With the cutting of a ribbon, the 100-mile Towpath Trail through the Ohio & Erie Canal National Heritage Area celebrates America’s industrial heartland and connects walkers, cyclists, joggers and naturalists on a continuous path from Cleveland to New Philadelphia through Cuyahoga, Summit, Stark and Tuscarawas counties.
Offering historical points of interest throughout the corridor and running through the Cuyahoga Valley National Park, the Towpath Trail is one of the great outdoor features of the region. For three decades, the nonprofit cultural heritage organization Canalway Partners has advocated for the $54 million in funds necessary to build the Cleveland section of the trail through the 5-mile complex maze of Cleveland’s industrial heritage. Mission accomplished.
Why is the Towpath Trail so important? The Towpath follows the historic mule path used to tow canal boats on a canal first envisioned by Washington and Jefferson as early as 1789 to connect Lake Erie to the Ohio River through a manmade inland transportation waterway. When the Ohio and Erie canal was ultimately built in the early 19th century, it linked New York to New Orleans, and Cleveland became the fulcrum of industrial America.
Along the trail, a story unfolds that was important enough to land a National Heritage Area designation in 1996. Chapters of the story include Camp Cleveland, where 15,000 Union soldiers trained for battle in what was known as University Heights — now today’s Tremont neighborhood of Cleveland. They include the advent of American rolled steel in the industrial valley of the Flats and the northern Lock, where laker ships transferred goods to canal boats guided by workers like a young James A. Garfield.
In addition to the rich history that the Towpath Trail reveals, it serves an economic purpose. Economic impact studies indicate that the Ohio & Erie Canalway National Heritage Area generates more than $400 million in economic impact and supports more than 4,200 jobs.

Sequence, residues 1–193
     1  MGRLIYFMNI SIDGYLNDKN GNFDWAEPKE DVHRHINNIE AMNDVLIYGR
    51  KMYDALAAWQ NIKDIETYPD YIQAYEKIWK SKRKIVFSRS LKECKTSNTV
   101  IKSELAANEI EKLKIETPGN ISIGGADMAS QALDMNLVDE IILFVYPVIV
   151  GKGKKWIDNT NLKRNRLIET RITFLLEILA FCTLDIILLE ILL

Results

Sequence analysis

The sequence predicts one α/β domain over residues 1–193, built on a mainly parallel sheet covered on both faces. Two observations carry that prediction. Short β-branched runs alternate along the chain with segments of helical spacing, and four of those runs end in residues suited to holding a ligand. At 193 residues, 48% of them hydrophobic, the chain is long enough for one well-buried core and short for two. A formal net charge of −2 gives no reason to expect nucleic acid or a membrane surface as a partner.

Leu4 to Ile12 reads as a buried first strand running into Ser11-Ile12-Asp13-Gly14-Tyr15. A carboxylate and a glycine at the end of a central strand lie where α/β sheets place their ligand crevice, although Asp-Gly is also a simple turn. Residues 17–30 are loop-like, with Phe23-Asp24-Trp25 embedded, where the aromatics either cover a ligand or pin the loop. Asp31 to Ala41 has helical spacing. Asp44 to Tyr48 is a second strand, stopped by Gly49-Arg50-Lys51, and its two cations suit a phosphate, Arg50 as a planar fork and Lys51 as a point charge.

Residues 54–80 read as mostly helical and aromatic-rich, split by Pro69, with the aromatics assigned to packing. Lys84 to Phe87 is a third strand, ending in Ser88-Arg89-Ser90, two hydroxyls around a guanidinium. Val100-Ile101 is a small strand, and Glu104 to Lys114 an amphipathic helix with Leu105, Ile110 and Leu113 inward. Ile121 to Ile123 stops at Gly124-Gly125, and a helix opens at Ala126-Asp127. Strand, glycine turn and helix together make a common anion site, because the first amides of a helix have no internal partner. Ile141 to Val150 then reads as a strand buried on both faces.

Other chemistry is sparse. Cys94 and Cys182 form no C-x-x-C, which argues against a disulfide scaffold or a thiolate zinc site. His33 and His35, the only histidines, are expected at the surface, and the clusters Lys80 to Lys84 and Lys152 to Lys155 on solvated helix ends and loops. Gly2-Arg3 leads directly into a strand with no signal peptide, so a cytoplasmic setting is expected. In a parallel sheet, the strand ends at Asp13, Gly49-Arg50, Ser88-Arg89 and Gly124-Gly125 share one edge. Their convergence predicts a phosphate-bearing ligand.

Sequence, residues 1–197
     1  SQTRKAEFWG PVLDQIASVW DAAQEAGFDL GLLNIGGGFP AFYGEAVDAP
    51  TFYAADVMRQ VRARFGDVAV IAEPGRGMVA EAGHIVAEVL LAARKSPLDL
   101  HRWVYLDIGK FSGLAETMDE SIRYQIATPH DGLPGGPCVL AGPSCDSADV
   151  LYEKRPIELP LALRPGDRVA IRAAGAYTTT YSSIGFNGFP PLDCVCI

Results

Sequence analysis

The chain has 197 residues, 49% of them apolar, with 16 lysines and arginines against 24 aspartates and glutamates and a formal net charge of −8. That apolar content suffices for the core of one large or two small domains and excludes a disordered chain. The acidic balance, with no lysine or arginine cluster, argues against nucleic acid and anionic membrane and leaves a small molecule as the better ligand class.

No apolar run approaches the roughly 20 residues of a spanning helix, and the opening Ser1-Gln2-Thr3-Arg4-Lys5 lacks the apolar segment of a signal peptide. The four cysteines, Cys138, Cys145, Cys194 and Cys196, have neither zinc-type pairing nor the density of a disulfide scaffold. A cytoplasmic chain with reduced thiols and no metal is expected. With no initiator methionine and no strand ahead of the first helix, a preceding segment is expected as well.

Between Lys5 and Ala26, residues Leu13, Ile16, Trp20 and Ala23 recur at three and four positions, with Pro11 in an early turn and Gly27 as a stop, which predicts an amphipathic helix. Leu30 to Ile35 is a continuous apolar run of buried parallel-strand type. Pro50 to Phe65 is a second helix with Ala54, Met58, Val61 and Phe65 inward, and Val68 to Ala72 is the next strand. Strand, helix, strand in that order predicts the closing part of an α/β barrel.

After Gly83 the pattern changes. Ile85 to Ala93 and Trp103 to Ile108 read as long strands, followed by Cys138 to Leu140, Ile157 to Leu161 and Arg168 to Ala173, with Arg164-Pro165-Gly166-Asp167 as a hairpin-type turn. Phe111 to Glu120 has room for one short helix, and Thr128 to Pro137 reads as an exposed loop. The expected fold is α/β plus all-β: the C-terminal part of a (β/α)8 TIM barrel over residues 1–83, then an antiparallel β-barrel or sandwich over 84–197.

The Towpath Trail creates an amenity on the Cuyahoga River that will connect our communities to history and a recreational outlet like no other. It’s a significant visitor attraction in a National Heritage Area that runs through a scenic byway and a national park. Added up, the Towpath Trail stands to spark cultural tourism in Northeast Ohio, with 3 million people already visiting the Cuyahoga Valley National Park each year.
As the central spine of a sophisticated trail network, it will help develop Cleveland’s brand as a signature U.S. trail city, with a particular emphasis on the industry that built this country. The network gets better each month as the Cleveland Metroparks continues to complete projects like the Wendy Park Bridge, creating a lakefront link to the Towpath via the Cleveland Foundation Centennial Trail, and the Edgewater-Whiskey Island Connector, linking the West Side to the Flats. The CHEERS study is doing the same from Downtown Cleveland to Cleveland’s East Side neighborhoods along Lake Erie.
One goal remains beyond the Towpath Trail itself for Canalway Partners: completing Cleveland’s Central Park in the Flats — Canal Basin Park. For so many reasons, Canal Basin Park is a final clarion call:
- It will be a tremendous neighborhood and regional asset in the heart of one Northeast Ohio’s visitor hubs.
- It tells our story of industrial advance.
- It’s a trailhead to begin or end a journey on the 100-mile Towpath Trail.
- It’s a place where industrial America began.
As we prepare for the future, the time is now to enjoy what we have access to today. Eventually, you might find yourself traveling the entire 100 miles from Cleveland to Zoar. Along the way, take in the incredible history of our region, marvel at our past and imagine the future.